Virginia’s governor acknowledged on Friday that he was photographed more than 30 years ago in a costume that was “clearly racist and offensive” — admitting that he had dressed either as a member of the Ku Klux Klan or in blackface — but resisted growing calls for his resignation.
“I am deeply sorry for the decision I made to appear as I did in this photo and for the hurt that decision caused then and now,” Ralph Northam, the Democratic governor, said in a statement on Friday evening. “This behavior is not in keeping with who I am today and the values I have fought for throughout my career in the military, in medicine, and in public service. But I want to be clear, I understand how this decision shakes Virginians’ faith in that commitment.”
Dr. Northam issued his statement hours after the photograph, which was included on his 1984 medical school yearbook page and appeared alongside other pictures of Dr. Northam, became public. Neither person in the black-and-white photograph was identified, and Dr. Northam, who was elected Virginia’s governor in 2017, did not confirm which costume he had worn.
By Friday night, Mr. Northam was facing pressure to resign from multiple presidential candidates in his own party, including Senator Kamala Harris of California and Julián Castro, the former mayor of San Antonio.
“It doesn’t matter if he is a Republican or a Democrat,” Mr. Castro said. “This behavior was racist and unconscionable. Governor Northam should resign.”
The Republican Party of Virginia condemned the photograph before Dr. Northam issued his statement.
“Racism has no place in Virginia,” Jack Wilson, the state party chairman, said in a statement. “These pictures are wholly inappropriate. If Governor Northam appeared in blackface or dressed in a KKK robe, he should resign immediately.”
But some Virginia Democrats defended Dr. Northam and said he should not quit.
“The picture was in extremely poor taste, no question about that, but his life since then has been anything but,” said Richard Saslaw, the Democratic leader of the Virginia Senate. “He’s had a career of helping people of all races.”
Mr. Saslaw said the governor should “obviously apologize” but, alluding to the members of the State House and Senate, he added: “Which of the 140 of us would want to have revealed what we were doing in our early to mid-20s?”
If Dr. Northam were to resign, Lt. Gov. Justin E. Fairfax would assume the governor’s office. Mr. Fairfax, a Democrat, was the second black person to be elected to statewide office in Virginia.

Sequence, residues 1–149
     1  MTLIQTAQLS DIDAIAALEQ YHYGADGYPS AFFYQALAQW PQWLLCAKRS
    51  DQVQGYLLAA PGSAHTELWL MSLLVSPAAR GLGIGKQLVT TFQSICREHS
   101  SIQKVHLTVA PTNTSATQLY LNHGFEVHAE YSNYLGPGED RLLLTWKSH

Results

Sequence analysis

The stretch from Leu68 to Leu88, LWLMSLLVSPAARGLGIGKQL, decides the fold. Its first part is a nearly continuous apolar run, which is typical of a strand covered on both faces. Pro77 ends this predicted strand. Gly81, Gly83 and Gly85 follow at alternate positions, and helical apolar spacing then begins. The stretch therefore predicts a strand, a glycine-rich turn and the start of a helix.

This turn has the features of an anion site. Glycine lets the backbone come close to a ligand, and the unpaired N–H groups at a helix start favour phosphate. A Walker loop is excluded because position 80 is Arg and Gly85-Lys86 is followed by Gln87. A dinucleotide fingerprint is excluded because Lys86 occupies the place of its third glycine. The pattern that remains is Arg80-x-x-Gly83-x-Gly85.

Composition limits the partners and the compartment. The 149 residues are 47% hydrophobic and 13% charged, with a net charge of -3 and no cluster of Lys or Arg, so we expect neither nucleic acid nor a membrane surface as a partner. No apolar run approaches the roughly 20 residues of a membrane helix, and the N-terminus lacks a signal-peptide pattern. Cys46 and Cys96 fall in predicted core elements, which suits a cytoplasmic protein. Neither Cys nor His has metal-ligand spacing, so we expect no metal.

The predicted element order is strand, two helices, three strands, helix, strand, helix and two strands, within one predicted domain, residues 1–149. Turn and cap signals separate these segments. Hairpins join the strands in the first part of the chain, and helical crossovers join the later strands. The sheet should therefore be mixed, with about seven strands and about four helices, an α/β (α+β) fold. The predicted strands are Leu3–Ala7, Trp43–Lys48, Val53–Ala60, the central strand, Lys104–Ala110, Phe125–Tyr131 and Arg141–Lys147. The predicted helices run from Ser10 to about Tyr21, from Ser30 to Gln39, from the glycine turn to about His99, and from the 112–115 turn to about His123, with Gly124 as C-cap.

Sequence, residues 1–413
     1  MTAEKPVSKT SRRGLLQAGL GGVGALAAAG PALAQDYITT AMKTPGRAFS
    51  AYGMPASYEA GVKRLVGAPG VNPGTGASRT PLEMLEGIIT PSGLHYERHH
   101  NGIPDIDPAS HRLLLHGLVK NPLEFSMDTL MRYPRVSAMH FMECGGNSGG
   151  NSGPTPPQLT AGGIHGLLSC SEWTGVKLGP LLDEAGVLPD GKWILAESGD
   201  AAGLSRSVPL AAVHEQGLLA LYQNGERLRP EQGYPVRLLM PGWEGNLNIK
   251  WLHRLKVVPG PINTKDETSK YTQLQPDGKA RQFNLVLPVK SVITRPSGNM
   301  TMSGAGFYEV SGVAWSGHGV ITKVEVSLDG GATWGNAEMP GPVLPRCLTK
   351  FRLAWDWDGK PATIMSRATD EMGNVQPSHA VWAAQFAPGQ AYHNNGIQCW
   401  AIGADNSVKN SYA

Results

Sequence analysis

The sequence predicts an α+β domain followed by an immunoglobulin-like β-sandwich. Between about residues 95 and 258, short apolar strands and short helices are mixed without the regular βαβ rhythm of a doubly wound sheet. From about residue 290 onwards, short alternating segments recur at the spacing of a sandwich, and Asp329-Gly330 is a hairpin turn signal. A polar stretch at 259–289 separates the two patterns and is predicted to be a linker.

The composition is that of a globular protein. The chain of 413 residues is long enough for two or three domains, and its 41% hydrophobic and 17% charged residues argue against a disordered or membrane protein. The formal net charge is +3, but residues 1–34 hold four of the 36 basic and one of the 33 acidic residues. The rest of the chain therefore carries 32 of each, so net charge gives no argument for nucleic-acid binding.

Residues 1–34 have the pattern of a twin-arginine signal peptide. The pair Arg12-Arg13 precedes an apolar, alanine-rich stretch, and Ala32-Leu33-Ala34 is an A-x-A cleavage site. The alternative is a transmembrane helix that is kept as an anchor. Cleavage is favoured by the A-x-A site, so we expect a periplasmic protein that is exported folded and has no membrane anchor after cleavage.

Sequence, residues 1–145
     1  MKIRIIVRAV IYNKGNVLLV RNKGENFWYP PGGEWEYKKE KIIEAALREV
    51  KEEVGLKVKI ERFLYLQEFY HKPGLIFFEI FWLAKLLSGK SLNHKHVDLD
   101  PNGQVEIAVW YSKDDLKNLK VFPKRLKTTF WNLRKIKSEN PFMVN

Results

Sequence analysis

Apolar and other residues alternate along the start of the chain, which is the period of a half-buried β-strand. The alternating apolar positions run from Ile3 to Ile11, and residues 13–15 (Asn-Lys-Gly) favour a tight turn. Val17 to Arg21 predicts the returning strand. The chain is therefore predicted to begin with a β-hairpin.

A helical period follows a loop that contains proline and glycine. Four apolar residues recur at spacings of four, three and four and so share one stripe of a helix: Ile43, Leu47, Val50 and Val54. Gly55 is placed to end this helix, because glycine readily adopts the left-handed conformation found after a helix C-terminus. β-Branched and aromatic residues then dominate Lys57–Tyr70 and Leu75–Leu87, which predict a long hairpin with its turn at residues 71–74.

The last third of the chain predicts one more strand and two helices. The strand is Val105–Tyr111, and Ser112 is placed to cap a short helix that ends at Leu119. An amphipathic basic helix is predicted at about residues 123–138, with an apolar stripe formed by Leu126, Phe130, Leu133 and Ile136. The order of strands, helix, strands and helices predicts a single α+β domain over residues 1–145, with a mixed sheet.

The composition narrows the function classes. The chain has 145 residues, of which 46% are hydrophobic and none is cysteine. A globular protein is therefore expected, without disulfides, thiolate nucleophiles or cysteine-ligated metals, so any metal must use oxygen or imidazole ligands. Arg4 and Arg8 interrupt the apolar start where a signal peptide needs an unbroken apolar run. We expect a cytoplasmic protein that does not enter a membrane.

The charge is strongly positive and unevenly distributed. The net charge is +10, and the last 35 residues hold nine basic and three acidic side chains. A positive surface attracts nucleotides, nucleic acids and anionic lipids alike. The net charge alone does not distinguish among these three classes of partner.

But in his statement on Friday, Dr. Northam signaled that he did not intend to leave office.
“I recognize that it will take time and serious effort to heal the damage this conduct has caused,” he said. “I am ready to do that important work. The first step is to offer my sincerest apology and to state my absolute commitment to living up to the expectations Virginians set for me when they elected me to be their governor.”
Even if Dr. Northam defies what could quickly become a crush of pressure to quit, he will not face any immediate electoral repercussions. Virginia bars governors from serving two consecutive terms, and both of the state’s United States senators are Democrats, leaving his political options limited.
Still, the news of the yearbook image, which the website Big League Politics first reported on Friday, could undermine Dr. Northam’s authority in Richmond and tarnish his tenure, which, just more than a year in, has been marked by a number of accomplishments on Democratic priorities.
Dr. Northam rode to victory in 2017, when he soundly defeated Ed Gillespie, a former chairman of the Republican National Committee, thanks to the suburban backlash against President Trump. Virginia Democrats nearly reclaimed control of the State House the same year. Their success prompted Republicans to finally give up their opposition to Medicaid expansion and the measure passed with bipartisan support, offering the governor a signature accomplishment.
Then Dr. Northam announced last year that Amazon had selected Arlington, Va., just outside of Washington, for one of its new facilities as part of its “HQ2” search, bringing the promise of thousands of new jobs and revenue to the state.
The Amazon news was especially sweet for state leaders because it let them further burnish the state’s image as a progressive beacon in the South and a leader in the new economy.
But Dr. Northam abruptly became a polarizing figure this week when, amid a debate about abortion access in Virginia, he gave a radio interview that led to accusations that he supported infanticide.
Asked in the interview about a proposal to allow abortion in the final trimester to protect the health of the mother, the governor said late-term abortions would be permissible in cases of severe deformities or nonviable fetuses, and described a situation in which such an infant would be delivered, and then a “discussion would ensue between the physicians and the mother.”
Republicans immediately argued that Mr. Northam was willing to support an infant’s killing after birth. Dr. Northam disputed that characterization, writing on Twitter, “I have devoted my life to caring for children and any insinuation otherwise is shameful and disgusting.”
Dr. Northam earned his medical degree from Eastern Virginia before completing residencies elsewhere. But he returned to the Norfolk area, where he practiced pediatric neurology at a children’s hospital. He also joined the faculty of his medical school, where, according to his official biography, he taught medicine and ethics.
Dr. Northam was a largely apolitical doctor before being elected to the State Senate in 2007. He voted twice for George W. Bush before running for the legislature as a Democrat.